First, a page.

The first is called a Flat plate collector, which pumps water (propylene glycol anti-freeze added) through a series of pipes enclosed in an insulated box with a glass panel on one side. A solar water heating system for an individual household will have an area of about 3-4m². When solar radiation passes through the glass, the energy absorbed is transformed into heat and stored in the water. Heat is diffused through water and gets heats progressively.  This heated water then moves on to a separate storage tank where it retains its heat and is pumped into as needed.

Evacuated solar collector, which consists of a row of vacuum solar tubes and a highly insulated manifold. Heat transfer fluid is circulated in a coaxial manner through the manifold and tubes. Insulation and vacuum ensures minimum energy loss while transferring efficiently and effectively. Efficiency of 60% is achieved. Evacuated tube collectors are more efficient and -hence occupy less space compared to the Flat Plate collector- with higher water temperature and can provide solar water heating when solar radiation is less intense (will perform considerably better than the Flat plate ones under widely common cloudy, cold and windy conditions in the UK and Ireland). Most customers have appreciated this desirable feature of less area covered by these flat glass covered boxes. Moreover many of these products available in the Irish market have been designed for flexible building integration, and can be installed on a sloping roof, vertically or horizontally. The average household with a 3m2 system installed can expect to generate approximately 2,000 KWh/year with zero Carbon emissions.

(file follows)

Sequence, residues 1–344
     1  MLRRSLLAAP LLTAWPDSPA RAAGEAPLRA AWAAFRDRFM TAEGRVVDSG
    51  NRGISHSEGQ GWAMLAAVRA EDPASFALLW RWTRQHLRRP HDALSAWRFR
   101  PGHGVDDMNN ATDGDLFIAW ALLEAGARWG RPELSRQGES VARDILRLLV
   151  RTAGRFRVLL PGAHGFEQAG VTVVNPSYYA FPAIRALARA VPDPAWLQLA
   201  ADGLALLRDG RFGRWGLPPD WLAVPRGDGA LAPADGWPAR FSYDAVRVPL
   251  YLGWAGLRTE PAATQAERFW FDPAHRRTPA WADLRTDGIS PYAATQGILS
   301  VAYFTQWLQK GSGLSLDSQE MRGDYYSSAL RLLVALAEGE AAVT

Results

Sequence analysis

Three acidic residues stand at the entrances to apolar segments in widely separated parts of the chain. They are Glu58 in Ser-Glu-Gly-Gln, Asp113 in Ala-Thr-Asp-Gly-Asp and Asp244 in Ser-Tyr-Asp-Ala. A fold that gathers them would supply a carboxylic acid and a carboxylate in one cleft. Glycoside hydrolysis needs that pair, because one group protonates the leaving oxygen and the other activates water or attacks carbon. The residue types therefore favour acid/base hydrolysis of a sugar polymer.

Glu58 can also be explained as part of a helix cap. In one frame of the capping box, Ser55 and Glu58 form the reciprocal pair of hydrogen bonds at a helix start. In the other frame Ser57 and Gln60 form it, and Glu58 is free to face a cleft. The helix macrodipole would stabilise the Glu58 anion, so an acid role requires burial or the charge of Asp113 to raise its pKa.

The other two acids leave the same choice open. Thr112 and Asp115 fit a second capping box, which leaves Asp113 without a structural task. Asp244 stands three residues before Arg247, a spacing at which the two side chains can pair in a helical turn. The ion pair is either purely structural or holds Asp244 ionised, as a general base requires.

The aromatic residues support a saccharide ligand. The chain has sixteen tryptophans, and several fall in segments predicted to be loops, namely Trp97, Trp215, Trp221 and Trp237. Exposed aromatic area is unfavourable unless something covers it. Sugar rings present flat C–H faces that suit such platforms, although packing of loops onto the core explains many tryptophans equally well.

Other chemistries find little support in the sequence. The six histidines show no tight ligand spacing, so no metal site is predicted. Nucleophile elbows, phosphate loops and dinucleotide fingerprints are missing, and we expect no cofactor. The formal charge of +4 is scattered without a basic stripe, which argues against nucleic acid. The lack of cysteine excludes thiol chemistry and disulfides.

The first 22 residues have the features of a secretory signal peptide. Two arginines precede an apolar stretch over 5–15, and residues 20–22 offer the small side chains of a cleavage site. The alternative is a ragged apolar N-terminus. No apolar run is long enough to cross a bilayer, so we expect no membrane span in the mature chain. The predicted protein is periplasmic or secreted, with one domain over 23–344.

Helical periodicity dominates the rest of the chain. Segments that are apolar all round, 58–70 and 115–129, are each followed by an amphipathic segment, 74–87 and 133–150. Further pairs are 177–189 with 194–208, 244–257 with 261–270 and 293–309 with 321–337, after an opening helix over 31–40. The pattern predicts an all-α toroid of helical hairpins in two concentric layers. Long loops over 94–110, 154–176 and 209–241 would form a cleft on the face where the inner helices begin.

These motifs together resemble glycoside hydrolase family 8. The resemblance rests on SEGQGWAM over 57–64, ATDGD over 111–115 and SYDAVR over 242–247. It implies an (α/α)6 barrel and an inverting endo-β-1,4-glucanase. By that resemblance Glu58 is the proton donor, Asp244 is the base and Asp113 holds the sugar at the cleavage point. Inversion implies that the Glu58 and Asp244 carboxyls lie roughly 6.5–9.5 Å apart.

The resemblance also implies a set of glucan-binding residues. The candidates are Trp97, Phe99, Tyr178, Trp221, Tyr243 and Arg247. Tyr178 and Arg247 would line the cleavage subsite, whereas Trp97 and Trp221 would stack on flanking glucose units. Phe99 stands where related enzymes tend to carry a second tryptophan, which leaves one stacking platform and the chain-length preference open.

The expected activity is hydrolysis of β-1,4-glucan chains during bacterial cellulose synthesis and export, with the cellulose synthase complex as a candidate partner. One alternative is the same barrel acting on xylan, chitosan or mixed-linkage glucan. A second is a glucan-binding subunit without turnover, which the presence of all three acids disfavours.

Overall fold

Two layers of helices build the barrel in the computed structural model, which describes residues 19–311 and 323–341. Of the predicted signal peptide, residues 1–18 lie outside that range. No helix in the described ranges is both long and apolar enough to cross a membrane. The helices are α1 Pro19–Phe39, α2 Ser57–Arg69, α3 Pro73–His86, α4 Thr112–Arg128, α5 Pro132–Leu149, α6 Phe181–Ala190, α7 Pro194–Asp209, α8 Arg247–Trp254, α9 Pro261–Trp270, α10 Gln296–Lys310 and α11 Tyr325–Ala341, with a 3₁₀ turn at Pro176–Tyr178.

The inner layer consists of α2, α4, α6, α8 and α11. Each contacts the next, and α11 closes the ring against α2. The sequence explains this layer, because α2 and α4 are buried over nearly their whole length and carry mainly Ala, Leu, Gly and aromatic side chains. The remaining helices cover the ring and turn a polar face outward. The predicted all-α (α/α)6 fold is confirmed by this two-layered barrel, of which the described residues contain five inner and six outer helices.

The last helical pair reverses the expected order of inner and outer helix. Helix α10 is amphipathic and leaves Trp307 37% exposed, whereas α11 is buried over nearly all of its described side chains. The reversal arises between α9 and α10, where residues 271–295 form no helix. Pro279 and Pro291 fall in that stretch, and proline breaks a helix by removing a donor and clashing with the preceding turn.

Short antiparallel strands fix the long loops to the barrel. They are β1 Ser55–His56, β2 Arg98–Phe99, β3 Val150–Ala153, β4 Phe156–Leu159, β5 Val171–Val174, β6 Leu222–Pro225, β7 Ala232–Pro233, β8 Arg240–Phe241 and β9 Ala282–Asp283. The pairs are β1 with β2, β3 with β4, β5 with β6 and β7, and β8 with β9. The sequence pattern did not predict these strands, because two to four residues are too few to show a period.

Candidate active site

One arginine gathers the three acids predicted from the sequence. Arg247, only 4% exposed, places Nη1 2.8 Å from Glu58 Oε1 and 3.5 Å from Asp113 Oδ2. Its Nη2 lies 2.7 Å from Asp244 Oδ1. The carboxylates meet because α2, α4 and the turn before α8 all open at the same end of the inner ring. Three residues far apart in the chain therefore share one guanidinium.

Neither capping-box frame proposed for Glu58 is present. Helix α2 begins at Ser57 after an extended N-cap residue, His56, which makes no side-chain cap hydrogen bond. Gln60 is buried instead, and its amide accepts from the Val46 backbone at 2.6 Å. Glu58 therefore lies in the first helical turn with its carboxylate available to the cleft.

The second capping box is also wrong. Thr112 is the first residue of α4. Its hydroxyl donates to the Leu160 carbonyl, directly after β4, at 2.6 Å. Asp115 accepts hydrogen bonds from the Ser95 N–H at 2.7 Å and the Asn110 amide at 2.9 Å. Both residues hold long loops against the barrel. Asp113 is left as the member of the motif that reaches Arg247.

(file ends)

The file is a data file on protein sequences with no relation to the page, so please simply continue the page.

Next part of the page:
What are the main components of a solar water heater?
A solar water heater is manufactured and installed to last at least a lifetime of 25 years. Typically a Solar water heater will have the following parts
1.A component to collect solar radiation (sunlight) and change it into heat called the Solar Collector
2.A heat transfer equipment (to transfer heat from the collector to hot water in a storage tank.)
3.The Hot water storage tank
4.Safety accessories and regulators to control the system.